Thursday, February 26, 2015
at 5:47 AM
Tuesday, February 24, 2015
Tuesday, February 24, 2015
What is your usual response when you face times of trouble? Are you inclined to stand and fight? Perhaps you are convinced that you’re strong enough to handle any obstacle. Or maybe you do what so many others do: run as far and as fast as you can.
Trials are unavoidable in life. Instead of deciding how best to avoid them, we should instead focus on the way to respond to them. There are several things for the Christian to do when confronted with conflict.
First, we should trust God, based on His holy Word. Scripture assures us that the Lord knows our limits and will therefore never allow us to be pushed or tempted beyond our ability to persevere (1 Cor. 10:13).
Second, we must trust in His faithfulness. In times of trouble, take time to reflect on previous hardships. Did God help you then? What was the result of that trial? How has He shown Himself to be faithful at other times? (See Ps. 37:23-24.)
Third, we must make a conscious decision to persevere. Romans 5:3-5reveals that persistence is a vital part of a healthy growing Christian life. Our encouragement is that perseverance in the face of trials leads to the hope which “does not disappoint” (v. 5).
Finally, it is important to acknowledge the sovereignty of almighty God. Our heavenly Father is never surprised by the tragedies in our lives. Rather, He stands ready to work in us (Phil. 2:13), through us (1 John 4:4), and for us (Rom. 8:31) to bring us to the point of victory in His Son Jesus Christ.
at 4:38 PM
Monday, February 23, 2015
Monday, February 23, 2015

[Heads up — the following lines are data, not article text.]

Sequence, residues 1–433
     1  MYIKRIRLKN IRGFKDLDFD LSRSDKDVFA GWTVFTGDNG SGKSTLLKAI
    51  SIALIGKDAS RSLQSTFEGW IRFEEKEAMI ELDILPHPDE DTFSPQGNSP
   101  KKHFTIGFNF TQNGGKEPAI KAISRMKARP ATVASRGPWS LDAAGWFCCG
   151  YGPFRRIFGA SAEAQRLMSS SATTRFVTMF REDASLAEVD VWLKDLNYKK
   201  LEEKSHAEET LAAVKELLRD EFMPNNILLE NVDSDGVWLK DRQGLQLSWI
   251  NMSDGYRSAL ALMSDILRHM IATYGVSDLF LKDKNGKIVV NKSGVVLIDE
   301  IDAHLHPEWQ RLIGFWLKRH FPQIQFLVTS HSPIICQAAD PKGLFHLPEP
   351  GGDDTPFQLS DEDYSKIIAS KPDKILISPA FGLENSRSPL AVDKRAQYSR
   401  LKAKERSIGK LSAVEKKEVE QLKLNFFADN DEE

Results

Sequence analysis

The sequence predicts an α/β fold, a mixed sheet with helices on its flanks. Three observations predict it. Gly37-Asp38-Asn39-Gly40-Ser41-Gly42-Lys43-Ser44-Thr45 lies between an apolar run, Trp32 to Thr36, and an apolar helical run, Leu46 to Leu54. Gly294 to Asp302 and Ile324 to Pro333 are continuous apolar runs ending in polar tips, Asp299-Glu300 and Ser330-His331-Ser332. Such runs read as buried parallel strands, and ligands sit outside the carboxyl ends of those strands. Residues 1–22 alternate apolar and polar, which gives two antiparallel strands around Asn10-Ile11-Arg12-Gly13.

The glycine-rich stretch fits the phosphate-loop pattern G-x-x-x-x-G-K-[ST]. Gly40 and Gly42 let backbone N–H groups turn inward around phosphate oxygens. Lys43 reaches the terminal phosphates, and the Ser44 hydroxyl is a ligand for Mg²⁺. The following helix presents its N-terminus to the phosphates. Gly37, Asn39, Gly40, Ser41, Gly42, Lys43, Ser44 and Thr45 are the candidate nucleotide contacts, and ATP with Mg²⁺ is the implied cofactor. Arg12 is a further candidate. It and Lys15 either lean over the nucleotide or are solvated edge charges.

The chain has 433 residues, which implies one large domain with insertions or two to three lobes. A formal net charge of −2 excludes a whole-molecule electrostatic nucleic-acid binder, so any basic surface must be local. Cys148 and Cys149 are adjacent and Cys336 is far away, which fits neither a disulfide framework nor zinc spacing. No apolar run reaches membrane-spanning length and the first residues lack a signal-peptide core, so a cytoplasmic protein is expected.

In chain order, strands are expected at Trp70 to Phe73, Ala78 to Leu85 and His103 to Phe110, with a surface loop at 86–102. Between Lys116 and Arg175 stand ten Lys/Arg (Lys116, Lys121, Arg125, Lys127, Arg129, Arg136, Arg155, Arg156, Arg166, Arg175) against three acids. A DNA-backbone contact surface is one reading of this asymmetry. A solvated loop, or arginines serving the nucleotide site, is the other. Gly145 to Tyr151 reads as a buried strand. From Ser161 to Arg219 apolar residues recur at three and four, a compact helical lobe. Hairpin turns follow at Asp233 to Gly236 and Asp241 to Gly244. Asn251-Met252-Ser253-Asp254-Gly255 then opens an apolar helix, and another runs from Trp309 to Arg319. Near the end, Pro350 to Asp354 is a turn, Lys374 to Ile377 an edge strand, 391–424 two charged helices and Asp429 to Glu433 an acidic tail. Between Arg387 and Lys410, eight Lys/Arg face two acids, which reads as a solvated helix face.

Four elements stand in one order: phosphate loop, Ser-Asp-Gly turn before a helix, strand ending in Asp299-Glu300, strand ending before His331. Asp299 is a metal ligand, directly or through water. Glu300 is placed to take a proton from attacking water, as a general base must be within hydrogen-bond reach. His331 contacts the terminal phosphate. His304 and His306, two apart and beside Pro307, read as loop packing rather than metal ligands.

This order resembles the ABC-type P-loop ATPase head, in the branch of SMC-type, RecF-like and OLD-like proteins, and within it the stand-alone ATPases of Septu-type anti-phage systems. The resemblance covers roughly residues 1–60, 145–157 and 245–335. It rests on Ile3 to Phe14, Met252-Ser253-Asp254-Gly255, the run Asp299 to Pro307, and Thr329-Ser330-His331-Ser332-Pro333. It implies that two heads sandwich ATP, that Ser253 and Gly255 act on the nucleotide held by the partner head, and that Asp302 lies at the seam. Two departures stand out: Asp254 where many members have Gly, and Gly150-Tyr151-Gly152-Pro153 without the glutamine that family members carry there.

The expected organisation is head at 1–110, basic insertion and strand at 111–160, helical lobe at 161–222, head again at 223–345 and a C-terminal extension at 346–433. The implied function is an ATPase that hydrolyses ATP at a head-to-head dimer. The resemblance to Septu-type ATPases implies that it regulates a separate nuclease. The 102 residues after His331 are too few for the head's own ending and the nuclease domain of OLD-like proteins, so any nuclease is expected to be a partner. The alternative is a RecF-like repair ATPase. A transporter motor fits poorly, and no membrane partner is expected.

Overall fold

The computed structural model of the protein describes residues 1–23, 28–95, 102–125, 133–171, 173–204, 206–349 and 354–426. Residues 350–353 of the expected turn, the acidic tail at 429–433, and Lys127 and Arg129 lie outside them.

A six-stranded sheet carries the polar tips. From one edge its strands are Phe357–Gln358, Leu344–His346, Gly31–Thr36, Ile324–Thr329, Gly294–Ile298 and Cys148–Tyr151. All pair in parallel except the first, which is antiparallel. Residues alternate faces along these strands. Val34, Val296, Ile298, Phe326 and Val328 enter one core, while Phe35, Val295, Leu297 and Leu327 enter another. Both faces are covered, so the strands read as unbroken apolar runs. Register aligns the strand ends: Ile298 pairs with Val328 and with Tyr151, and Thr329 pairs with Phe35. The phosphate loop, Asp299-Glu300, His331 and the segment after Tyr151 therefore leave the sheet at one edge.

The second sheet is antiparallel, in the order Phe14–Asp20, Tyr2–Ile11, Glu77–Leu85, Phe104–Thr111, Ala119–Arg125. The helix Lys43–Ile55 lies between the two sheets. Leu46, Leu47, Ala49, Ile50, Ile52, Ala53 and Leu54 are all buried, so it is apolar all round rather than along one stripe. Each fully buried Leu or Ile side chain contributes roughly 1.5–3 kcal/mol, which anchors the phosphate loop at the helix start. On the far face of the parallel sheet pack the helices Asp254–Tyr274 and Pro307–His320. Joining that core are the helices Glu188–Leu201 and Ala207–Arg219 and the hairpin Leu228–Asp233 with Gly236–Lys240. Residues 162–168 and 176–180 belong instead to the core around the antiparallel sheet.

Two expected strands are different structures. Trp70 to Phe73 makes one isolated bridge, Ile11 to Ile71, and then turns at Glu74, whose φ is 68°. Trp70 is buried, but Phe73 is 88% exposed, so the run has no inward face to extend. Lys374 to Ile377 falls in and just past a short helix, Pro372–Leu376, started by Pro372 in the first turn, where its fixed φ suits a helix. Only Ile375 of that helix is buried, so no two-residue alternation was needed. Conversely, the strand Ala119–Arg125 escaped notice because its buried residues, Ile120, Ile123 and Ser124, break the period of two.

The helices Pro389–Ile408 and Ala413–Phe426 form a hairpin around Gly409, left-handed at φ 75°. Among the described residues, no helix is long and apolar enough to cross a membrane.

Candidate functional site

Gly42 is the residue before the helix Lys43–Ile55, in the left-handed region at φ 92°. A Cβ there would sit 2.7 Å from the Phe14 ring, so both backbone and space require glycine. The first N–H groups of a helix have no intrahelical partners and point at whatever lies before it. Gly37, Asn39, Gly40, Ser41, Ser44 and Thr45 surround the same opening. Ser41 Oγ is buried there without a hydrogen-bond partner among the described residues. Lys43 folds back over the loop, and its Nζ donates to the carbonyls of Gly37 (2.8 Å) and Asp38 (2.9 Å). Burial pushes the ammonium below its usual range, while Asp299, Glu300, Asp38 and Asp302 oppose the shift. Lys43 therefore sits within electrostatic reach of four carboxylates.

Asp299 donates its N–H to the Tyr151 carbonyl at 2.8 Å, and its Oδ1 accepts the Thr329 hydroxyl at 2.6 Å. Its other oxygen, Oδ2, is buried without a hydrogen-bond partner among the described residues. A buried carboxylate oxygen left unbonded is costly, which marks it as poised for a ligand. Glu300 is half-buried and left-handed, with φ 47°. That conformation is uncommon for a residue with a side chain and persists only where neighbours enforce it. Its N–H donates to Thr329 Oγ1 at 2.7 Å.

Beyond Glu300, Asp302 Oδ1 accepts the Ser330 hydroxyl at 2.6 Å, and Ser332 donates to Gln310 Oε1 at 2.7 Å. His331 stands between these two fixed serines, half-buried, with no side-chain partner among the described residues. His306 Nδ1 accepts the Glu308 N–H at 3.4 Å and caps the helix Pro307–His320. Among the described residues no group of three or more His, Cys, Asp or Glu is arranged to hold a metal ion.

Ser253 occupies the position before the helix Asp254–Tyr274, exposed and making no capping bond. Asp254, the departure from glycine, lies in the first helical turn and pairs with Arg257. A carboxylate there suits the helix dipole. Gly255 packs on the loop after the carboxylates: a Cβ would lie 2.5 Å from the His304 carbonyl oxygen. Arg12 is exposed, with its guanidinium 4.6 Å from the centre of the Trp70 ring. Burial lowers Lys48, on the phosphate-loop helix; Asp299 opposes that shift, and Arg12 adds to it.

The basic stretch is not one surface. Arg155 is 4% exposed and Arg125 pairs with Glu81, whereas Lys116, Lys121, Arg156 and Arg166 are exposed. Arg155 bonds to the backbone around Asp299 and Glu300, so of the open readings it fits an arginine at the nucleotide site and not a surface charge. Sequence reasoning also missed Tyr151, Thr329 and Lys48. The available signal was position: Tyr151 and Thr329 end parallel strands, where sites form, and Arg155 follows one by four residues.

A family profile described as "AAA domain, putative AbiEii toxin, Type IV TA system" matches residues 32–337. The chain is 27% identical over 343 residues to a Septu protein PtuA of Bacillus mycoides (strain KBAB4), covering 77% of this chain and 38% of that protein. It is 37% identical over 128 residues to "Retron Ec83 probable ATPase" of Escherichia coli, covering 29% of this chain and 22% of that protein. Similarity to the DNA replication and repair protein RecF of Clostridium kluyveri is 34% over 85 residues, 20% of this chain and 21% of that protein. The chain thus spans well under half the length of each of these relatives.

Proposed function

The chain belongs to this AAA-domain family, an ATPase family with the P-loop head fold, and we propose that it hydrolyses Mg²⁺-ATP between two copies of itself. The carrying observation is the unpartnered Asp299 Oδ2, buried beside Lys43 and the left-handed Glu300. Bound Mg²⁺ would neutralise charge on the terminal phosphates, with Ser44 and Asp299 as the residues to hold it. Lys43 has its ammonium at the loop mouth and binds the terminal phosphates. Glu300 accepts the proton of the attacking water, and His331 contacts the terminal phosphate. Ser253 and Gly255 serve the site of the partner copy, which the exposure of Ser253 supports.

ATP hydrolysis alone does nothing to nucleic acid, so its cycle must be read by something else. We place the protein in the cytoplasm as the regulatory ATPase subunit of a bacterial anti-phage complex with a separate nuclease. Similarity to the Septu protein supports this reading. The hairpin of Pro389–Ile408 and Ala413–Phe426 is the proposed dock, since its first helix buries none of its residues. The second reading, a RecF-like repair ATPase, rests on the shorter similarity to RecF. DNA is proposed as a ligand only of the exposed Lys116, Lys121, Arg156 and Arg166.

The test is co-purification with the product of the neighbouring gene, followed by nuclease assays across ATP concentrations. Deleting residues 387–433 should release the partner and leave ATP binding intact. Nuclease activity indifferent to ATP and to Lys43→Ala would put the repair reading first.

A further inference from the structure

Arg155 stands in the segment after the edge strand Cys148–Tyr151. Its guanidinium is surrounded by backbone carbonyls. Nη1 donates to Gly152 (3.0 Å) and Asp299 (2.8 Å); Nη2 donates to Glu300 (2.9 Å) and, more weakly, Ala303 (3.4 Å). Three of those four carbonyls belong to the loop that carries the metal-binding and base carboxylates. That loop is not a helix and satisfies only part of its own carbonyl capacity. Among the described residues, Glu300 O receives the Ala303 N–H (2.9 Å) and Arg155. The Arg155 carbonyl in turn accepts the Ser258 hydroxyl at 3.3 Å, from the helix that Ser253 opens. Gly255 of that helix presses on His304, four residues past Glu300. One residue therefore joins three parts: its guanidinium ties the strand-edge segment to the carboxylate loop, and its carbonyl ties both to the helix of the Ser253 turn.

Obviously, we don’t enjoy times of trial or conflict. Despite the assurance we have that God will always be by our side through any and every circumstance (Heb. 13:5), it is still natural to fear and bemoan such occurrences.
In hardships, however, we often forget the very words Christ spoke in John 16:33. We hear and certainly relate to the first part of His instruction: “In the world you have tribulation.” We've all faced enough problems to know that it is not possible to avoid them altogether. In fact, Jesus takes it a step further by asserting that our faith in Him will actually lead to even more attacks and criticism (15:18-20). Truly it is impossible for a devoted Christian to live trouble-free in a world that is hostile toward God.
What we tend to miss in Jesus’ statement, however, is the second half of the verse. After delivering the “bad” news that we would have tribulation in our life, He offers a word of hope: “But take courage! I have overcome the world.” Notice that He didn't say, “I will overcome,” but rather, “I have overcome.” In Christ, the victory has already been won. He has victory over all things. Even the world’s greatest threat, death itself, has already been defeated by Jesus Christ.
Life certainly isn't easy. However, we have a loving God who not only understands our suffering but also chose to experience it Himself. Because He did, we can now claim participation in the ultimate victory over every trial of life.
at 6:47 PM
Sunday, February 22, 2015
In New Testament times, the city of Philadelphia was strategically located on travel routes between Rome and the east. This made it an important conduit for Greek culture and language. The church there received an exciting opportunity when God planned that the region would become known for a new export—the good news of Jesus Christ.
For the loyal church at Philadelphia, this was a tremendous blessing. In Revelation 3, Jesus Christ acknowledged the congregation’s deeds, which means they must have carried out their work with diligence and dependence on the Lord. That community of faith also followed God’s Word and didn't deny His name, despite opposition from “the synagogue of Satan”—the worldly people who also inhabited the city.
The Lord opens doors, not simply for mission organizations and churches, but also for individual believers. A chance to do His will in any area of life must be taken seriously, as His opportunities always lead to the path He has designed for us. Some seem too good to be true, others are cloaked in hardship, and still others defy human reasoning. We need to know how to listen for and discern God’s voice so that we can be certain when it is His hand opening a door.
We all desire that the Lord give us His best for our life—in our vocation, finances, service, and spiritual growth. So we must build a proven record of faithful obedience, as the Philadelphian church did. When we serve Him with loyalty, humility, and diligence, God will open doors for even greater blessing.